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Calling all 14-19 year old students have you entered the TDI challenge? Some great prizes to be won! Spread the word!













WOW!πŸ’₯ When year 7 work is THIS good, it makes me excited about marking their books! πŸ’―












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Yr7 evaluating their bug hotels today. Some very creative ideas and lots of independent work.πŸ› πŸ”¨πŸ”§βš™πŸ—œ πŸ¦‹πŸ›πŸœπŸπŸžπŸ¦—πŸ•·







This half term Lobsters have been making moving books in we focused on the Great Fire of London. Look at these amazing books we have created. Each page had some movement on it




Year 5 have designed and stitched some impressive cushions, inspired by their learning theme of Ancient Egyptians. This young chap has discovered that he has great skills in working with clay and has been helping children to finish their Canopic jars







Year6 have been creating outstanding designs of bookends for the school library




Year 5 have enjoyed making their Caribbean inspired smoothies today, as part of their DT unit of work




Health and safety talk βœ”οΈ Preparation briefing βœ”οΈ Time to get to work year 5/6




A selection of some of the graphic design work that students started in our Designer in Residence workshop today




Thankyou so much to all of our special adults who came in this afternoon to share the children’s learning with them. We hope you had fun building castles and catapults!



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1M have had a lovely afternoon making their own bird feeders during their DT lesson 🐦






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design and technology .07

Robert McCaffrey - Graduate of Product Design 

Products for Purpose

“life is like riding a bicycle, to keep your balance you must keep moving.”

Robert shared with us the insights and experiences he had that led him to his clever and classic designs. Having become a footwear designer, specialising in smart shoes for commuter cyclists, he has successfully designed for a real context and filled a hole in the footwear industry. His creations are designed for a very specific function, smart cycling. A smart shoe with a rubber panel in the soul to stop your flat-bottomed smart shoe from slipping of the pedal when wet, using materials that allow feet to breathe when the body is exerted. I ‘popped-collar’ style heal to make the shoes reflective when in the light at night. And my favourite feature was the show that made use of the patterned leather and underneath was a reflective layer that was so subtle you could only tell when the lights were off and we all got our phone torches out. I found this lecture very interesting, not only because Robert was engaging and had an interesting story to tell but because of the market he was selling to. After spending a semester designing for ‘the cyclist’ I have a pretty good idea in my head of who my customer is, someone very different to Robert McCaffrey’s customer. It opened my eyes and reminded me that despite being under the same umbrella, ‘the cyclist’, it is very important to remember the many different types of people you could be designing for and to not lump them all together within the same title. Robert highlighted just how important it is to have an image, and solid idea in your head of who it is your designing for and why.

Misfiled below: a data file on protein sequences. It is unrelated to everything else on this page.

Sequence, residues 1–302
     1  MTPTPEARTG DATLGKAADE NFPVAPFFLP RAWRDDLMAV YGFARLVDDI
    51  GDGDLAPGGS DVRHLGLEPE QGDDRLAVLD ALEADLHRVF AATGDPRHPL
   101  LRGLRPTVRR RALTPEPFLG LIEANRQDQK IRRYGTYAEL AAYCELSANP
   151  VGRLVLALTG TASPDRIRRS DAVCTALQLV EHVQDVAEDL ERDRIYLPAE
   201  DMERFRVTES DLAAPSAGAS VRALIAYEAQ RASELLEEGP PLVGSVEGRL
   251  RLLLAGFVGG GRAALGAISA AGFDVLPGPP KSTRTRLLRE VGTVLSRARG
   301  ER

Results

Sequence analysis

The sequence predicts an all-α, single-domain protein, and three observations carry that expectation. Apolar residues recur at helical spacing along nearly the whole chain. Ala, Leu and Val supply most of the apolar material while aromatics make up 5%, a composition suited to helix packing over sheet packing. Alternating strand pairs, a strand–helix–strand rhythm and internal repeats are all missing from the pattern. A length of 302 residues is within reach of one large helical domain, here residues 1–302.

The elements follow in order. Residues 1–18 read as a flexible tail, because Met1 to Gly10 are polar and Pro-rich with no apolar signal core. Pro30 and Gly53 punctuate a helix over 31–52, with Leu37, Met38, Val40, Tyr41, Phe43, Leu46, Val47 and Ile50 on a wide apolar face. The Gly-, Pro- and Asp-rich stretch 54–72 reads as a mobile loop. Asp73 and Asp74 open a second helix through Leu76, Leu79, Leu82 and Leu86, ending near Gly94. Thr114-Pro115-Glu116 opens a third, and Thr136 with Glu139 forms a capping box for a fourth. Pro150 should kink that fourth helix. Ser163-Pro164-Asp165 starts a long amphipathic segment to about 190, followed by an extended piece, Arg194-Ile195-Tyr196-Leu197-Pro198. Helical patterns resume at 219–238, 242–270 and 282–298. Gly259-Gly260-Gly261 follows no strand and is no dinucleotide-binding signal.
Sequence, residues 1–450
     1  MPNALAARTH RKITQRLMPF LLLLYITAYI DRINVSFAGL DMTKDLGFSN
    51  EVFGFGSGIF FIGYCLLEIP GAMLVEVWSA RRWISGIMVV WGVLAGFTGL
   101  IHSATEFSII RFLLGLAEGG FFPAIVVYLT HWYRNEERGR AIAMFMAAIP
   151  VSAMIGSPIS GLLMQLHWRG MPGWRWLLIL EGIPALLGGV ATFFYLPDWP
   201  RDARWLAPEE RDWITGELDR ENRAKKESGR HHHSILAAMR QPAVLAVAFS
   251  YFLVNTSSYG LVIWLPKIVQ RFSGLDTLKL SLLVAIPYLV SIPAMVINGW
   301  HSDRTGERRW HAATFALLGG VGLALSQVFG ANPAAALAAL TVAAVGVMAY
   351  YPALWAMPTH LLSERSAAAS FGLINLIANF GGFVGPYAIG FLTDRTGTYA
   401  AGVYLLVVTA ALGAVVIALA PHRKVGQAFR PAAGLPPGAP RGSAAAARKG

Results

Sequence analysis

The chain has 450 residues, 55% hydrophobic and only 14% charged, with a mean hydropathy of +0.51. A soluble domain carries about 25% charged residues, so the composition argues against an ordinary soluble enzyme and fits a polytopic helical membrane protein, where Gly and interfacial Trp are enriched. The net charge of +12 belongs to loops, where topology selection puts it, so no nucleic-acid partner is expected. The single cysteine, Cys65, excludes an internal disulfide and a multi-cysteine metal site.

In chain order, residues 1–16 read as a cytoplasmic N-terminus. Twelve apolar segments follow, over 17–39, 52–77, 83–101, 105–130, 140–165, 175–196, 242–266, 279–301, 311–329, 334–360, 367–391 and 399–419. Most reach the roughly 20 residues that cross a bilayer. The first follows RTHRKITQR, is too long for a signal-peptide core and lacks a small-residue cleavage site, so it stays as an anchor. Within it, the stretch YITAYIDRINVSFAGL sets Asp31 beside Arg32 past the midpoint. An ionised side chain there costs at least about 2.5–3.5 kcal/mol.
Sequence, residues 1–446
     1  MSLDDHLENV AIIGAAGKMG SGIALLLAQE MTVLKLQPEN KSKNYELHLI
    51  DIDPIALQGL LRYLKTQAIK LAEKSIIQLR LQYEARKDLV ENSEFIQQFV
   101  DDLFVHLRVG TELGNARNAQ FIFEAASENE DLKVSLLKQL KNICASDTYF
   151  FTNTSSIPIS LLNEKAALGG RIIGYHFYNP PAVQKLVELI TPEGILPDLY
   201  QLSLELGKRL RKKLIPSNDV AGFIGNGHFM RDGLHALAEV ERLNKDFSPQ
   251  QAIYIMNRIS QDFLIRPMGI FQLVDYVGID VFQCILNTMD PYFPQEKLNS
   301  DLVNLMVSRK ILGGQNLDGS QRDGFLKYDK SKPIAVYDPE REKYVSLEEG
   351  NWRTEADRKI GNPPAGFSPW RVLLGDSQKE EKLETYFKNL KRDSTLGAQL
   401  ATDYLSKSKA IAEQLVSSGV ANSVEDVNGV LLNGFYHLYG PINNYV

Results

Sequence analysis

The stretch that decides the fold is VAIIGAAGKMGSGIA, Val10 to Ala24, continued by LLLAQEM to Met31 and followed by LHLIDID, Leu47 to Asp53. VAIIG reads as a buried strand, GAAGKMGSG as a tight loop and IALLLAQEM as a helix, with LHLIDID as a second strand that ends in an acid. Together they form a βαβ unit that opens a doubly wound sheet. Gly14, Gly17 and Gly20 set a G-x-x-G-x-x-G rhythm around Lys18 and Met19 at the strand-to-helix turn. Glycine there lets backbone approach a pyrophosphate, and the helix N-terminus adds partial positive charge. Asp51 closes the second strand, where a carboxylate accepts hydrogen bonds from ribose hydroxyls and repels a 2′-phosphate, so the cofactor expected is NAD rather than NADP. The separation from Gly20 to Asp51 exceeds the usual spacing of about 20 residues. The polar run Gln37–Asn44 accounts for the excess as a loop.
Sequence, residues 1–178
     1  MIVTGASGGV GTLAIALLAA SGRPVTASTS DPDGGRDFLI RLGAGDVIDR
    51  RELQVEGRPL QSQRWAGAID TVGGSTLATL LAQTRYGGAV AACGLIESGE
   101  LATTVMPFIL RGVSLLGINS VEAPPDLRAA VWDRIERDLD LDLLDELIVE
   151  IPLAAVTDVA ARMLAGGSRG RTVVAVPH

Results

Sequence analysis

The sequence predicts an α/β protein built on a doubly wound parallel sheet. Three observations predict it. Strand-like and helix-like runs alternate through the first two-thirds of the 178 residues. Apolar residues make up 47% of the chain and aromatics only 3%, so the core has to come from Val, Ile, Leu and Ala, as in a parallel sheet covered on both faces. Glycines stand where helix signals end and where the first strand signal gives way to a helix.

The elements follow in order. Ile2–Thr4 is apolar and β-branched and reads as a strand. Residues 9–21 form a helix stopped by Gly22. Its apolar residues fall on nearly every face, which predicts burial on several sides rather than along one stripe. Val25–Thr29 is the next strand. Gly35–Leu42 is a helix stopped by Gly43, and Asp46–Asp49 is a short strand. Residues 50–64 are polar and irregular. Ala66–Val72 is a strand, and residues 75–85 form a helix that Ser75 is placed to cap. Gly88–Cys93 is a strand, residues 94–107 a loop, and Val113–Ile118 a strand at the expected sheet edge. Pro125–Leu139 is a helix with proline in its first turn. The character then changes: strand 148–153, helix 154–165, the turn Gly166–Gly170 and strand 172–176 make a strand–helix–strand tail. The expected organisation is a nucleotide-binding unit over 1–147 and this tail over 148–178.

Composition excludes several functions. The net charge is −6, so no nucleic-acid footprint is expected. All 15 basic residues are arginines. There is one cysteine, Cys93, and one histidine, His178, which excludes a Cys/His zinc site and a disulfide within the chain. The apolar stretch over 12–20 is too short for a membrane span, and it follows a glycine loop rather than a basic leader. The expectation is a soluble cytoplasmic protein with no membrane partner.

“everyone is a genius. but if you judge a fish on its ability to climb a tree, it will live its whole life believing that it is stupid.”

 - both quotes Albert Einsein

design and technology .06

Matt Marais - Graduate of Product Design Engineering 

The Power of Kickstarter

Matt Marais is the creator of the camera equipment that sits under the company name Loki; which he started developing as his final year project when he was a student at GSA. He told us about the journey he took, after graduating with his masters, to get his project to market. Matt gave us one of the most inspiring and interesting talks that we have been given as part of out Design and Technology module, he spoke about a very important lesson in design; knowing when not to give up on an idea, and learning from your mistakes and failures. What struck me most was the way in which Kickstarter dictated many of the steps, both forwards and backwards, that he made.

Since making it’s debut in April 2009, Kickstarted has fully-funded, through crowd sourcing, more that 100,000 projects! Kickstarter acts as a platform for inventors, creators and people with ideas to launch whatever it is they believe is worth it. I couldn’t believe the extent that Kickstarter decided the success or trajectory at stages of Matt’s process. There are obviously other ways to fund projects but when you can source thousands of pounds from people all over the world at the end of your fingertips via the internet, why wouldn’t you?! The power of the internet and its’ abilities and capabilities is just striking. People from all around the world offering tiny all the way up to massive sums of money to a stranger just because they quite like their idea. The limitless possibilities for design and designers, makers and creators, is quite incredible and truly inspiring. What is also incredible, is the scale at which it can destroy a project or an idea. Relying on people to back your idea based on a 2 minute video that you have to try and cram your years worth of work and research into to fully fun your life (up until now)’s work. We only really ever hear about the success stories, as if it’s a dead set way to fund your projects, but it was interesting to hear from Matt about his struggles which getting across the correct image to make people feel compelled to donate and his failed attempts. It just makes me wonder how many revolutionary, life-changing products and ideas have been given the wrong image and not evolved beyond their kickstarted campaign.